Dog Aggression And Strangers: The Risk Factors
Dogs are very much a part of the fabric of our society. And if we don’t live with them, many of us still care deeply about them. But one thing sometimes challenges our affection for dogs: when they show hostility despite our best intentions. It’s essential to manage hostile behavior to protect not only people but also dogs as guardians might respond by punishing their dog. If we could better understand how dogs come to display hostility, it could help ensure the well-being of both people and dogs.
This study, from Applied Animal Behaviour Science, aimed to find out what makes dogs more likely to be hostile, specifically toward strangers. It also looked at the factors that might escalate mild hostility (e.g., barking, growling, or baring teeth) into severe hostility (e.g., lunging, biting, or attempting to bite). Over 13,000 people answered the Canine Behavioural Assessment and Research Questionnaire (C-BARQ) between April 2006 and February 2013. They rated their dogs’ hostility in a variety of situations on a scale of 0–4. Overall, the study included ratings of 17,301 dogs.
Hostility toward strangers was more likely if dogs had a fear of strangers and if they were mildly afraid of nonsocial situations. Also, neutered male dogs were more likely to be hostile toward strangers compared to female or unneutered dogs. Dogs had a higher chance of being hostile if guardians adopted them from pet stores, friends, or relatives. This was also the case if guardians adopted dogs as puppies or adolescents. Hounds and sporting breeds were less likely to show hostility, while mixed and herding breeds were more likely to do so. Dog behavior develops through a complicated process. So it would be too simplistic to assume that the characteristics described above are solely responsible for dog hostility. Yet, these results could tell us which dogs have higher odds of developing hostile behavior toward strangers. This would mean we can design effective strategies for mitigating hostility or preventing it from emerging in the first place.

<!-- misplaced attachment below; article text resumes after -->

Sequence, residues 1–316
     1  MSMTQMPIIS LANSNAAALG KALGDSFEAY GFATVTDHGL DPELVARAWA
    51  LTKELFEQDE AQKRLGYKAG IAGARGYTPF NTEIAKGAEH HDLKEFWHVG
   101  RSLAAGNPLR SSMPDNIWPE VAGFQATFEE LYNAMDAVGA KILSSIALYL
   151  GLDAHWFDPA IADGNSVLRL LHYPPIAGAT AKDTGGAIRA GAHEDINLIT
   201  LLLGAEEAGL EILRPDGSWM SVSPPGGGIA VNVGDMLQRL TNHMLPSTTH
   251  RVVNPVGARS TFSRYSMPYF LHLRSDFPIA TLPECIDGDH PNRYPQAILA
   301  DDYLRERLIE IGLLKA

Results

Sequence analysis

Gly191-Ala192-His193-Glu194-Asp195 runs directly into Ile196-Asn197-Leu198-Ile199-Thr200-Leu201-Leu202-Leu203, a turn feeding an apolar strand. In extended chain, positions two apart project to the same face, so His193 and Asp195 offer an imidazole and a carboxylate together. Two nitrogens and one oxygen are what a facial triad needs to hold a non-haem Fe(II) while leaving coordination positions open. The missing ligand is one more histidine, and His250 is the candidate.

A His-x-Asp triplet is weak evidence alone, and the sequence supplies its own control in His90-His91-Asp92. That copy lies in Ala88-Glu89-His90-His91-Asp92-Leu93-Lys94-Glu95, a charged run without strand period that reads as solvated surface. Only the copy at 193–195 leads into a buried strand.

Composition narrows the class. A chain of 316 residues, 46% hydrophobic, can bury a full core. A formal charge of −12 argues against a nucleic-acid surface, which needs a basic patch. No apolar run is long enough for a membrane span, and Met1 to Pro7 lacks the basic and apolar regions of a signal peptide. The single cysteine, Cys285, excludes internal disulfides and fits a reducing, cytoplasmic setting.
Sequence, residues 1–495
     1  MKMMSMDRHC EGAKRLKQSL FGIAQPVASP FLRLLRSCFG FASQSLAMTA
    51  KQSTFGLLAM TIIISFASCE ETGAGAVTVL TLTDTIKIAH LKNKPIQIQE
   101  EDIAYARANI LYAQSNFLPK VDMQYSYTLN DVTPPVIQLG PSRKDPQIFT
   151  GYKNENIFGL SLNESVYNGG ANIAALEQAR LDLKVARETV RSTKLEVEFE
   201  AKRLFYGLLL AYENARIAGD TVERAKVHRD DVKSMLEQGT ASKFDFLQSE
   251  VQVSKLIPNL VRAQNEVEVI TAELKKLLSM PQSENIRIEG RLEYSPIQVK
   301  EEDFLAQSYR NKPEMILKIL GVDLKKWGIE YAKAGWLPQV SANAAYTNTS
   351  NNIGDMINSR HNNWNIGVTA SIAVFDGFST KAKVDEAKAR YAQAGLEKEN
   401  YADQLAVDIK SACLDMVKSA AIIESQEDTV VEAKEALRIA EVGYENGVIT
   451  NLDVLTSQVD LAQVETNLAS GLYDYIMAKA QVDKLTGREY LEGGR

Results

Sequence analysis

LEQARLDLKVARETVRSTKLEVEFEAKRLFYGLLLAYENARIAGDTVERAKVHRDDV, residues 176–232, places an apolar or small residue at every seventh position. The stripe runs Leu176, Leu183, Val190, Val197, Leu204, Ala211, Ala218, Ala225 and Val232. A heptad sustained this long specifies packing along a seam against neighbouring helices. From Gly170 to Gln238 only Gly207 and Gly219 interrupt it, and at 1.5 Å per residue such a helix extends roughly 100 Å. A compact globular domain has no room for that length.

The researchers found a few qualities to be associated with severe stranger-directed hostility. A mild or severe fear of strangers was linked to a higher chance of severe hostility toward strangers. This was also the case for being male, and for being adopted from a shelter, family, or relative. Being a stray was also linked to a higher chance of severe hostility toward strangers. Sporting breeds were least likely to show severe hostility. The authors note that, often, external factors push dogs to show severe hostility. This may be, for example, when biting seems the only way to protect themselves. So, future research should examine how dogs with the characteristics described above are usually treated when they feel uncomfortable. This could help to uncover actual risk factors of severe hostility.
Future research could improve upon this study. For example, this study relied on guardians’ perceptions of their dogs’ behavior. These may or may not be reliable sources of information. But, this study could be a useful guide for anyone interested in ensuring that companion dogs are treated with affection and respect. This article helps animal advocates to promote a better understanding of how, ultimately, people play a significant role in shaping dogs’ behavior. When our dog behaves rudely around strangers, we should know that this, at least partly, reflects how we treat our dogs when they’re distressed.